A group of kids smile while holding plant leaves

Cardinal Valley Elementary was one of two schools in Kentucky honored with the Green Ribbon Schools award this year.
Photo courtesy U.S. Department of Education

For students at Cardinal Valley Elementary (Fayette County), science education means venturing outside the traditional classroom.

Adonya Boyle, a science teacher at the school, has spent her career working to expand access to environmental education, promoting sustainable practices among students and teaching about gardening and nature.

Because of Boyle’s efforts, Cardinal Valley Elementary has been recognized as part of the 2023 national cohort of Green Ribbon Schools, a program sponsored by the U.S. Department of Education (USED).

Education Secretary Miguel Cardona said in a news release announcing the cohort that the award honors schools that raise the bar for sustainable practices, energy efficiency, health and wellness, and hands-on learning experiences.

“I want to congratulate the educators, school leaders, students, families and advocates engaged in this work for showing the nation that any school in any community can strive to be a green school, and in doing so, empower the next generation to build a healthier, more equitable and more sustainable nation,” he said.

Cardinal Valley Elementary was one of two schools in Kentucky honored with the recognition, along with Mary G. Hogsett Primary School (Danville Independent).

Boyle said the award for Cardinal Valley Elementary signifies that “we have been working very hard” to raise the bar on science studies and encouraging students “to understand the importance of sustaining the Earth.”

Having students throughout their elementary years at the school gives Boyle an opportunity to teach them to build environmentally conscious habits at a young age and sustain them over time.

“I think the best part about my job is that I get to have the children from kindergarten through 5th grade,” she said. “So, I get to influence them and educate them and be that model of good stewardship toward the Earth for six years.”

To Boyle, being a good steward involves teaching students about plant life cycles, structures and functions, and basic needs through the school’s garden.

“One thing is that we have a huge garden where the kids get to go out and experience,” Boyle said. “I had 20 kindergarteners that got to go out and eat strawberries out of the garden and pick different plants.”

Those hands-on experiences allow for meaningful education, Boyle said.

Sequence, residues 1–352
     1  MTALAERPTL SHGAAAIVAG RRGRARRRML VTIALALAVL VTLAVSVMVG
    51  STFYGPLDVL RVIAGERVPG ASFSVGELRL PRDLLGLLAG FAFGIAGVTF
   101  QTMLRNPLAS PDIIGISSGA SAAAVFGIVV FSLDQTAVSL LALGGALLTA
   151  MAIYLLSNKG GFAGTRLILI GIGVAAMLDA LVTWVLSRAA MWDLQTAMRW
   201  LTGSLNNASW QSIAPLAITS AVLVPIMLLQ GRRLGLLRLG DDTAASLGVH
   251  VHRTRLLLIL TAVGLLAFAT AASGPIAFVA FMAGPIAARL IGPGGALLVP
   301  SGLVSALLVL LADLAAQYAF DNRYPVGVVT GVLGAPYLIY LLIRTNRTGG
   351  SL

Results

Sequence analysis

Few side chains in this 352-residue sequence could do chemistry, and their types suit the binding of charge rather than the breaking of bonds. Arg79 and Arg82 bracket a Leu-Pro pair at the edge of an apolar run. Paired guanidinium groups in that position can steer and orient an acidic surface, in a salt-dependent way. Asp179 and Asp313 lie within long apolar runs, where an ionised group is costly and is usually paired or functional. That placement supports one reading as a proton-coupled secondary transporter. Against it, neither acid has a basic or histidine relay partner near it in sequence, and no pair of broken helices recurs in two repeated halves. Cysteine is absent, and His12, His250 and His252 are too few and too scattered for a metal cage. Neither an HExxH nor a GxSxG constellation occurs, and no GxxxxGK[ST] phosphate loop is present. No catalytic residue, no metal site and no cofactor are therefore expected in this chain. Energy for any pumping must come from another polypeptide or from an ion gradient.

“We had peppers and tomatoes, and they got to taste them and feel them and look at them,” she said. “There are (walking) pathways in the garden, so a lot of the things that we are doing is just observing.”

Christa Roney, a curriculum coach, said the garden provides unique opportunities.

“For our students, being in an urban setting and not having access to a … large countryside to see how those things work, this gives them that opportunity to build that background knowledge,” she said.

Roney said back in the classroom, students are taught content in a way that connects back to those types of hands-on outdoor experiences.

“It’s exciting to go into … [a] room to see how engaged students are and the quality of content that they have access to,” she said.

Kevin Disney, Cardinal Valley Elementary’s principal, said the school’s 2012 renovation was a catalyst for expanding its environmental curriculum and putting sustainability into practice.

Boyle agreed, saying the school “was changed to use all of the natural light it could, so in both of our hallways, our main corridors in primary and intermediate, they lifted the roof and put windows on both sides.”

Additionally, the school turned to solar energy for different functions.

“We have a solar water heater on our roof, and then we have lights that go on when someone walks into the room or off if there’s no movement in the room after so many minutes,” she said.

Boyle said Fayette County Public Schools’ district-level administrators have worked to support the school’s efforts.

“I would just like to give a huge shout-out to our Fayette County Public Schools for supporting us in Green Ribbon,” she said. “I appreciate the support that we get from them. Tresine Logsdon, who is in charge of sustainability for Fayette County Public Schools … she is advocating for our school, and for me.”

Disney said he is proud of the school’s efforts in teaching students about environmental sustainability.

“It’s one thing to talk about it in the classroom. It’s another thing to watch kids live it,” he said.

To learn more about the Green Ribbon Schools recognition program, visit the U.S. Department of Education’s Green Ribbon Schools webpage.